New firetrucks arriving at Northwest Regional Airport yST

New firetrucks have been purchased and are due to arrive at the Terrace-Kitimat Airport

Two brand new state-of-the-art fire trucks are expected to be in service at the Northwest Regional Airport here by next month.

And they’ll be housed in a two-bay shelter attached to the airport’s existing maintenance and services building, construction of which is expected to be finished by the end of August.

Their anticipated arrival caps a series of events placed in motion when an increase in passenger and flight frequency triggered a federal requirement to provide a firefighting and rescue service, says airport manager

Carman Hendry.

The first firetruck was made necessary when the number of passengers surpassed the 180,000 mark and the second when the number of flights increased and type of aircraft changed, he said.

That second fire truck requirement took place as Air Canada increased flights and WestJet then began service with its Q400 aircraft.

“When we have more than 800 aircraft movements in a three-month period, that’s when an airport moves to a Category 6 level and two firetrucks,” said Hendry.

Although both airlines have since trimmed their service, chiefly ending direct Terrace-Calgary flights, Hendry said the airport will keep to its original plan of having two fire trucks.

“We’re the only Category 6 airport in the northwest. We want to be ready when flights increase,” he said.

The two new vehicles come from an American manufacturer called Oshkosh and Transport Canada is covering the cost of just over $1.74 million. The airport is adding a few options such as backup cameras at its own expense.

The airport is now waiting for an announcement of financial assistance to build the two-bay shelter.

While the federal government is covering the initial capital cost of the trucks and shelter and, for instance, providing a first delivery of fire-supressing chemical foam, all ongoing expenses are the responsibility of the airport.

To cover that, the airport is charging the airlines a per-passenger fee based on exact operating and ongoing costs.

“We do not want to make money on providing that service,” said Hendry in estimating the cost could be in the $250,000 range each year.

Because the service must be available for every landing and take off, the airport will more than likely be hiring an additional two people, he said.

Nine of the airport’s 12 employees have already received training to operate the fire trucks.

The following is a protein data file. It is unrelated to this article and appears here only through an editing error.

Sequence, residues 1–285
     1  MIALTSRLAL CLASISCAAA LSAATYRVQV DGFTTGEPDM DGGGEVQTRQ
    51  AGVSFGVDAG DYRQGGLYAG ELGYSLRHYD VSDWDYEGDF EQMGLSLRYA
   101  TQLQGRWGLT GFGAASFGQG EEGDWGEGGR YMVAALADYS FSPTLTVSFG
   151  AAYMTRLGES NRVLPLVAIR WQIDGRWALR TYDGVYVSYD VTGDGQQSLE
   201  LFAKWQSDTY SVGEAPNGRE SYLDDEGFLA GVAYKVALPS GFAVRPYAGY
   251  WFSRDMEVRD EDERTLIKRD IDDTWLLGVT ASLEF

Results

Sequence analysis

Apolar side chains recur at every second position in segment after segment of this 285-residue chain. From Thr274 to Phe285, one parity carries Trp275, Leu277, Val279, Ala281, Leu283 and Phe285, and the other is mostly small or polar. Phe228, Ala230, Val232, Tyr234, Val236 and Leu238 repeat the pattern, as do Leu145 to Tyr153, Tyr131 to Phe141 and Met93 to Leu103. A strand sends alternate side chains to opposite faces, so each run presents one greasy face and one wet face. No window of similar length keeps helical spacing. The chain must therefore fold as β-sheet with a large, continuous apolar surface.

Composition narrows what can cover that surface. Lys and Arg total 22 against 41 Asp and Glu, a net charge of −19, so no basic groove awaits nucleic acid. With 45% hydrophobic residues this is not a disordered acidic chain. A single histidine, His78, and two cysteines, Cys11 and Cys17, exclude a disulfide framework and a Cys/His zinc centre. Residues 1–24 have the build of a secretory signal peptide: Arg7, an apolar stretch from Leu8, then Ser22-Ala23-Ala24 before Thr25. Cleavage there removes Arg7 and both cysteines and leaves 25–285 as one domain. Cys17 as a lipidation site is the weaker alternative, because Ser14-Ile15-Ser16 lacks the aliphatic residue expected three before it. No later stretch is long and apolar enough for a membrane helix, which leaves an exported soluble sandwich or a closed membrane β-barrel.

Their equipment is such that one person can sit in the cab and remotely direct a foam-spraying turret device.

The goal is to provide a protective path of foam so that people can exit an aircraft safely while awaiting the arrival of Terrace and Thornill firefighting vehicles, said Hendry.

“This in no way will replace those services that Terrace and Thornhill can supply us,” he added. “They’re very good at their response time and our training with them will continue.”

The airport has been meeting its initial firefighting and rescue service requirement since last fall by renting at a nominal fee a fire truck from the Prince George airport.

“Airports help out each other when needed. There’s good cooperation between us,” said Hendry.

Having a firefighting and rescue capability is also good for marketing and advertising what the airport has to offer as more and more companies are looking for that kind of service when making decisions about where they want to do business, said Hendry.

 

Just Posted

Greyhound cleared to end routes in northern B.C., Vancouver Island

Company says nine routes have dropped 30% in ridership in last five years

Cross country skiers race Moose Marathon at Onion Lake trails

A total of 75 people gathered for the race between Terrace and Kitimat today, Feb. 24.

How the provincial budget will play out in northwestern B.C.

Price of gasoline to rise and expect MSP premiums to disppear

Snow bikers have a lucky escape on Claque Mountain

Their experience highlights the importance of being properly prepared in the backcountry

Access to naloxone kits made easier

They’re now available from pharmacies

Therapy dogs make appearance at B.C. Games

The St. John’s Ambulance therapy dog program launches a pilot project at the 2018 Kamloops B.C. Winter Games

How to keep local news visible in your Facebook feed

Facebook has changed the news feed to emphasize personal connections. You might see less news.

BCHL Today: Cowichan Caps play spoiler and Nanaimo wins 10th straight game

BCHL Today is a (near) daily look at what’s going on around the league and the junior A world.

Federal budget to unveil incentive for 5-week second parent leave: official

Goal behind the measure is to give parents more incentive to share child-rearing responsibilities

Notley says Alberta watching B.C. court bid closely, will get no free ride on it

Alberta Premier Rachel Notley ended the three-week ban on B.C. wine, calming the trade war

Trudeau ends troubled India trip in his comfort zone of hockey and youth

The players, 18-25, came to New Delhi from Ladakhi in northern India, as part of outreach program

OLYMPIC ROUNDUP: Kim Boutin named Canada’s flag bearer for closing ceremony

Two more medals for Canada, including the bronze in men’s hockey

Team Canada’s Dave Duncan apologizes after drunken joyride in Pyeongchang

Duncan, his wife Maja and Canadian technical coach William Raine detained by South Korean police

Czechmate: Canada wins men’s Olympic hockey bronze

Vernon’s Andrew Ebbett scores twice as Canada beats Czech Republic 6-4

Most Read